I am sorry but I have to insist, once and again you ask for an explanation of the explanation.

An intelligence is proposed as the explanation for the fine-tuning. Your reasoning is related to the existence of this intelligence, but has nothing to do with this intelligence explaining the fine-tuning.
Therefore, when questioning his existence you are asking for an explanation of this intelligence and the intelligence is proposed as the explanation of the fine-tuning.
Therefore, asking an explanation of the explanation.
And again, you can do so, but having no answer does not refute the hypothesis.

Now compare it to the chance hypothesis: the a priori probability that chance is responsible for constants of the universe is relatively high, since chance is responsible for many things.
No: it is very improbable for someone to win the lottery, yet someone does win the lottery, but it is not reasonable to say that an specific person will win the lottery because it is very improbable.

Even if your argument is right (I strongly disagree) it would refute your previous argument about God being improbable.

If chance is a reasonable cause, since as you said "chance is responsible for many things" I could say that this intelligence wants a life friendly universe by chance.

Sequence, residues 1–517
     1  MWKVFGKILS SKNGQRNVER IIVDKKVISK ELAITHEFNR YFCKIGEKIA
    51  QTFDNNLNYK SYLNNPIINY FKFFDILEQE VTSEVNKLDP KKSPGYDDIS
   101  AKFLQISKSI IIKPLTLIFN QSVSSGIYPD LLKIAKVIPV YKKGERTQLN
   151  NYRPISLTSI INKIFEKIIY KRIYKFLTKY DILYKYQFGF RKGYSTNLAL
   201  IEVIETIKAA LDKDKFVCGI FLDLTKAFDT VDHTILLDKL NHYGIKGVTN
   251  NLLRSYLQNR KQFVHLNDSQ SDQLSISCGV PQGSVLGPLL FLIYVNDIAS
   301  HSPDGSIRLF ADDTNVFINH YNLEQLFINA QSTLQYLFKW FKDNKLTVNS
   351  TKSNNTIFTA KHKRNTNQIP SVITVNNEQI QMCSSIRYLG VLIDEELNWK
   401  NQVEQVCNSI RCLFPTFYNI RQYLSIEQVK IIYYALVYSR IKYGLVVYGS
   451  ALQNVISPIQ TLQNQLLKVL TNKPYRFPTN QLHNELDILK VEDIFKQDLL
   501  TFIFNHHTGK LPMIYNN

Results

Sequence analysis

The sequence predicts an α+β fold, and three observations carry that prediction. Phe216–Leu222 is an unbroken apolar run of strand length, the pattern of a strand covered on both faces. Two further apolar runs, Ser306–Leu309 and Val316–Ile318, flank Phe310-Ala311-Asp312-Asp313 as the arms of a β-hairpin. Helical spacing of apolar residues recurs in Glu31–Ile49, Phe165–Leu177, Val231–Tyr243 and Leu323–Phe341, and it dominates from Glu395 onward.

the fact that our planet has intelligent agents is backround information which raises the likelihood that they will exist on other planets
The fact that our dimension has intelligent agents is backround information which raises the likelihood that they will exist on other dimensions.

It's like explaining someone's car choice by simply saying that they must have liked that type of car. Of course they did. But why did they like that kind of car?
This actually supports my point. Even if you don't know why you still believe that he did choice it.

I don't feel like you have addressed the issue of why God would want to create a physical universe
Correct me if I am wrong but you have already recognized that there could be plenty of reasons.

A lot of the answers you've written previously make little sense because of your grammar
You are right about my grammar, my main language is not english but if something doesn't make sense because of my grammar just ask me.

But why would one need a body to have experiences or learn lessons?
I already answer this one: I never said that a body is needed. The point is to give the souls an specific experience.

And why does God want us to have those experiences and learn those lessons?